A: "That's correct." (Investigator Burleson).
Q: "Based on your experience as an investigator, would you have proceeded any differently in your investigation of Mr. Thomas if what you had instead of the rap sheet was a report from Mr. Card or any other person that Mr. Thomas might have been arrested for a Federal offense in South Dakota sometime in the past?"
A: "No, I would have proceeded the same as I had done."
Q: "You would have conducted the same investigation with the same type of interviews?"
*463 A: "That's correct."
Q: "So that your possession of the rap sheet itself was not the factor which led to your conducting this investigation?"
A: "That's correct." Tr. 114-115.

A second contention critical to the plaintiff's case is the claim that the waiver he executed which allowed the V.A. access to the Drug Enforcement Agency's files was invalid. There are several weaknesses in this claim. First, there has been no showing that the Agency's files fell within the nondisclosure provisions of 21 U.S.C. § 844. Secondly, the plaintiff has not sustained his burden of persuading the Court, that the V.A.'s investigative techniques in any way coerced the plaintiff into signing the waiver. The following exchange between Burleson and the plaintiff at the close of their first formal interview on April 5, 1978 underscores this observation,

Q: "Has this been a voluntary statement, Mr. Thomas?"
A: "This has been a purely voluntary statement."
Q: "Do you have any objections as to the manner in which I conducted this interview?"
A: "None what so ever. I thought it was done well and in good taste." Defendant's Exhibit A, page 5.

The waiver allowing access to the Drug Enforcement files was signed by the plaintiff on the day following the aforementioned interview. To allege that this consent, given by a college graduate with numerous years of administrative experience was involuntary is unsupported by the record.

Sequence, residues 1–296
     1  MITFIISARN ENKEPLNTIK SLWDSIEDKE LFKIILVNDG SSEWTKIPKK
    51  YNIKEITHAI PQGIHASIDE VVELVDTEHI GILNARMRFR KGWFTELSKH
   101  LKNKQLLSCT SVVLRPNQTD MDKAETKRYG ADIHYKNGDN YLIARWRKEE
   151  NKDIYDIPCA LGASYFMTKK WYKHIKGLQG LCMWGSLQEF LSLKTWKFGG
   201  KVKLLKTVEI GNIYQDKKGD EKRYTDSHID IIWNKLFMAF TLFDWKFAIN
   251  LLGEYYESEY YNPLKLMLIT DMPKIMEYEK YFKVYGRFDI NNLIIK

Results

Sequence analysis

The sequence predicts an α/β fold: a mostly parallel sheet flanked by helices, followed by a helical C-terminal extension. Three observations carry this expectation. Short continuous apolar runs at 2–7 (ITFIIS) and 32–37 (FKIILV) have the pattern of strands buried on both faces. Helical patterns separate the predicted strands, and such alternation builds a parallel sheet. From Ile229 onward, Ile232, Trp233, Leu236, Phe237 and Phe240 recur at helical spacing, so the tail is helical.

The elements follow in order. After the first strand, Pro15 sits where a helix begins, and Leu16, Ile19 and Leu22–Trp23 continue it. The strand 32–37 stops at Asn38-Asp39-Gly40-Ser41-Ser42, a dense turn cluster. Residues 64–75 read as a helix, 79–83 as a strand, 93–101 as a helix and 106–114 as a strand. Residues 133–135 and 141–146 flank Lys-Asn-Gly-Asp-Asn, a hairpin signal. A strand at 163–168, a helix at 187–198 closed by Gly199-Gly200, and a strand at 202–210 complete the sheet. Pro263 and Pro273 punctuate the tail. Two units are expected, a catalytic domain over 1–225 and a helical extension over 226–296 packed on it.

4. The Impact of the Civil Service Reform Act on the Present Dispute

Any dismissal proceeding involving the plaintiff must be in accordance with the provisions of the Civil Service Reform Act of 1978 (P.L. 95-454). The purpose of the Reform Act was to infuse and codify merit system principles within the procedures governing federal employment. Senate Report 95-969, 1978. U.S.Code Cong. and Admin.News pp. 2723, 2735.

To this end the Act created a Merit System Protection Board, a quasi-judicial body charged with insuring that the provisions of the Act are followed.[6] To aid the Board in its task, the Act also created the office of Special Counsel which is charged with the duty to investigate inter alia any allegation that a federal agency is engaged in prohibited personnel practices.[7] Two such practices expressly prohibited are the institution of dismissal proceedings for either racial or retaliatory motives.[8] If the Special Counsel finds reasonable grounds to suspect that such prohibited practices are occurring, he may request the Merit Board to stay the disputed personnel action pending further investigation.[9] Thus the provisions of the Reform Act appear ideally suited to deal with the troubling issues raised in the plaintiff's complaint.

5. Given the Present Posture of the Administrative Proceedings Injunctive Relief is Unwarranted

At present all that has occurred is that the plaintiff has been served with a notice of termination. Under the provisions of the Reform Act he has the right to respond to all allegations contained in the dismissal notice.[10] If the V.A. chooses to *464 actually dismiss him, the appellate procedures provided by the Reform Act, adequately protect his due process rights. See, Arnett v. Kennedy, 416 U.S. 134, 94 S. Ct. 1633, 40 L. Ed. 2d 15 (1974). He may appeal to the Merit System Protection Board which must provide him with a formal hearing.[11] There the plaintiff may demonstrate that his dismissal was not supported by a preponderance of the evidence or that the decision,